I think maybe this is what my neuropsych has been trying to communicate to me, lo these many years. I have been so rigidly focused on being and thinking ONE CERTAIN WAY that really doesn’t suit me as well as the variety of ways I have to choose from. Now, years later, I’m getting it.

And it’s good.

So, that’s the deal for today. I am having a blast, reading these new papers, and I am also having a blast mapping out the ideas I get from them. I have a bunch of papers I downloaded over the years when I was really digging into scientific papers for the sake of idea density (I read a book about the Mankato Nun Study which discovered that having a lot of “idea density” in your  language/thinking correlated with reduced symptoms of Alzheimer’s and dementia, and with my history of head trauma, dementia has been an ongoing concern for me). I have a ton of papers on TBI and related subjects, many of which I have not actually read in depth. I just scanned the abstracts, and that was good enough for me at the time.

Now it’s very different, and I look forward to digging into them again.

Oh, and there are the several works I’ve been working on that I think could really help people better understand TBI and the after-effects, so that we can treat the right underlying issues, instead of chasing the symptoms around the block and back again.

There’s a lot going on with me, these days. And it’s good.

Onward.

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Author: brokenbrilliant

I am a long-term multiple (mild) Traumatic Brain Injury (mTBI or TBI) survivor who experienced assaults, falls, car accidents, sports-related injuries in the 1960s, '70s, '80s, and '90s. My last mild TBI was in 2004, but it was definitely the worst of the lot. I never received medical treatment for my injuries, some of which were sports injuries (and you have to get back in the game!), but I have been living very successfully with cognitive/behavioral (social, emotional, functional) symptoms and complications since I was a young kid. Iโ€™ve done it so well, in fact, that virtually nobody knows that I sustained those injuriesโ€ฆ and the folks who do know, havenโ€™t fully realized just how itโ€™s impacted my life. It has impacted my life, however. In serious and debilitating ways. Iโ€™m coming out from behind the shields Iโ€™ve put up, in hopes of successfully addressing my own (invisible) challenges and helping others to see that sustaining a TBI is not the end of the world, and they can, in fact, live happy, fulfilled, productive lives in spite of it all.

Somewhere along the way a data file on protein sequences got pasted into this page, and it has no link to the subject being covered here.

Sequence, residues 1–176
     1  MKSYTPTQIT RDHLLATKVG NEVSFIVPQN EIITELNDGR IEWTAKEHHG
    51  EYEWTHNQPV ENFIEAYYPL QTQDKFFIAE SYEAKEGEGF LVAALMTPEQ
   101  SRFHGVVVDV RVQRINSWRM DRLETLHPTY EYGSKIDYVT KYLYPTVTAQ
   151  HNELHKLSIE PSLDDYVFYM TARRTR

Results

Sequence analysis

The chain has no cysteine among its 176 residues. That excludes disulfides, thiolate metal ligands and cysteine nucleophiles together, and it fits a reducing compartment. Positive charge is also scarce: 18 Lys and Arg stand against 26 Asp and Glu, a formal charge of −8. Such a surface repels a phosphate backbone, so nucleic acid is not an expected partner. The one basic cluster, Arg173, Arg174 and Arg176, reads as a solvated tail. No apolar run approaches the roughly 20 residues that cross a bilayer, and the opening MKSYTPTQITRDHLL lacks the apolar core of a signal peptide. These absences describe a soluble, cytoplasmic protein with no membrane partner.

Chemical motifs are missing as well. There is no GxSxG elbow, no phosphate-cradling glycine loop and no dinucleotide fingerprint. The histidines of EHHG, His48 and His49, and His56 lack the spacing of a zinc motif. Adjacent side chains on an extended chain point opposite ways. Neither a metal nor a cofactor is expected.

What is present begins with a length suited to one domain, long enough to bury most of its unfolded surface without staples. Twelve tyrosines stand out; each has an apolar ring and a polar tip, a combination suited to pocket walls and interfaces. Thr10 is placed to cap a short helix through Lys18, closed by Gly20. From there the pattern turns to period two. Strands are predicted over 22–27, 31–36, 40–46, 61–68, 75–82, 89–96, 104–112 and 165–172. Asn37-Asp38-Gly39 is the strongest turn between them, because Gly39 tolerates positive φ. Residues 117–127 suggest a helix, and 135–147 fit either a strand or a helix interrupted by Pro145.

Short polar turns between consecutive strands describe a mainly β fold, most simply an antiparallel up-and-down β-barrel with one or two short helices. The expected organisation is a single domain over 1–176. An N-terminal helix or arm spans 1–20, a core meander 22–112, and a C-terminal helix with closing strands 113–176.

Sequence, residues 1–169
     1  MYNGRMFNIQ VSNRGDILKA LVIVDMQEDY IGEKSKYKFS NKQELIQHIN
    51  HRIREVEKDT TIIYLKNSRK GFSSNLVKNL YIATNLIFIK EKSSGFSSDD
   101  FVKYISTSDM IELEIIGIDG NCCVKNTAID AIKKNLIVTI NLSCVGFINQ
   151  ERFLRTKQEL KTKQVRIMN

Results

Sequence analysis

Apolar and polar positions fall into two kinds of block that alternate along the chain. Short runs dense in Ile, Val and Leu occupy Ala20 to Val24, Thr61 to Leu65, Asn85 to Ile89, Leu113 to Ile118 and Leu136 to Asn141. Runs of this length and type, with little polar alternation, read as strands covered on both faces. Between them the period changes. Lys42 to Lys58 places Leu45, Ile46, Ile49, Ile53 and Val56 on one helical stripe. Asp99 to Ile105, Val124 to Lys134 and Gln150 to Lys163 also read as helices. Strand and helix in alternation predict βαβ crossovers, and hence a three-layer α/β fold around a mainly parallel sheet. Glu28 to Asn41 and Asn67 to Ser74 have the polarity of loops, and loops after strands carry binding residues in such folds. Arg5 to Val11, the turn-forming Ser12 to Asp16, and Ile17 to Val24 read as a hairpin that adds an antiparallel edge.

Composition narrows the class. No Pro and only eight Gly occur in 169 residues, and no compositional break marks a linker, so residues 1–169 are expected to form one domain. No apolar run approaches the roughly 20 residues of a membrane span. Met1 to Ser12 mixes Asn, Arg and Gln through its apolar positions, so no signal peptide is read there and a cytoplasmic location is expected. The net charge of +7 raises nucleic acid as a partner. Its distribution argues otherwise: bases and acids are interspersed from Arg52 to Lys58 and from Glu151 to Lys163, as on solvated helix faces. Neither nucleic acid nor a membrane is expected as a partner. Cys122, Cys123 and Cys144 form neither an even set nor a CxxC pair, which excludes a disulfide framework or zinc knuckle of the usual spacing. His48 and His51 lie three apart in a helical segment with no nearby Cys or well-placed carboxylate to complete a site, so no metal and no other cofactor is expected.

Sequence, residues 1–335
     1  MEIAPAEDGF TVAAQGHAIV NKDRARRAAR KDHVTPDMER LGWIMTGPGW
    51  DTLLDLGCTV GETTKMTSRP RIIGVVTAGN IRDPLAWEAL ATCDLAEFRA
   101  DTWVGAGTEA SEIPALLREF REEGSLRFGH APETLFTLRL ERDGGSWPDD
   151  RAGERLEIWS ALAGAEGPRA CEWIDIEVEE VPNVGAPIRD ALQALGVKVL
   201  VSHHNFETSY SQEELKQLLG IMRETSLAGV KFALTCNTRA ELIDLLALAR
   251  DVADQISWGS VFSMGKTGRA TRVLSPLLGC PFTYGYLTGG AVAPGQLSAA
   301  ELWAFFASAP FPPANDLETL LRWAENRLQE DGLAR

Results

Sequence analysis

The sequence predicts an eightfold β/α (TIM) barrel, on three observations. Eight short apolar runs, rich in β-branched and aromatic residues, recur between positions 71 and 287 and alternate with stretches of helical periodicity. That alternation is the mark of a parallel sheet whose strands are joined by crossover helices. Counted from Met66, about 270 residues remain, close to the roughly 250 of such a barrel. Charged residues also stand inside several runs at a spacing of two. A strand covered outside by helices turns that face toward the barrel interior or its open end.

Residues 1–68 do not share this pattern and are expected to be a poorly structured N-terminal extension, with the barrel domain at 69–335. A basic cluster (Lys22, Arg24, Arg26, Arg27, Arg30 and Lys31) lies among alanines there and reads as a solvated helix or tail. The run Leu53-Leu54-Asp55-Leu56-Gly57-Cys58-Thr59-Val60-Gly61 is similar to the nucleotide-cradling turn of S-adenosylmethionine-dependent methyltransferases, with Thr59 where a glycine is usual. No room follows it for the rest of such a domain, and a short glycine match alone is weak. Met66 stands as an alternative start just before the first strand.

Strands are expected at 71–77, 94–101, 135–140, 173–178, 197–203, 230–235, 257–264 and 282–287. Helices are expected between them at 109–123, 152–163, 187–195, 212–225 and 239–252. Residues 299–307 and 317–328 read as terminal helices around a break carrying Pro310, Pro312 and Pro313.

8 thoughts on “There’s a whole lot there”

  1. We have so much in common when it comes to symptoms and brain-processes. I’m so glad to know I’m not alone in the world in those aspects/with tbi, too. It’s good that you had some you-time, and that you had a chance to just be. Thanks for writing so often. I feel so much less alone when I read your posts.

    Liked by 1 person

  2. Damn, you’re living in my head. It’s funny. I can’t learn worth crap anymore. But if it’s something I had enough repetitions or familiarity before I got hurt, I can generally access the information. I think like a computer with too many windows open. Everything slow.

    I also have to have MY routine or I get off balance. Hopefully, I’ll eventually have a good day regarding sensory overload. Everyday, I get overloaded at some point.

    Liked by 1 person

  3. The only way I can tolerate WalMart is at 2:00-3:00 am. No crowds, less noise. Still have to deal with the lights and any sounds in there echoes. Whoever thought high ceilings in a large store were a good thing…

    Liked by 1 person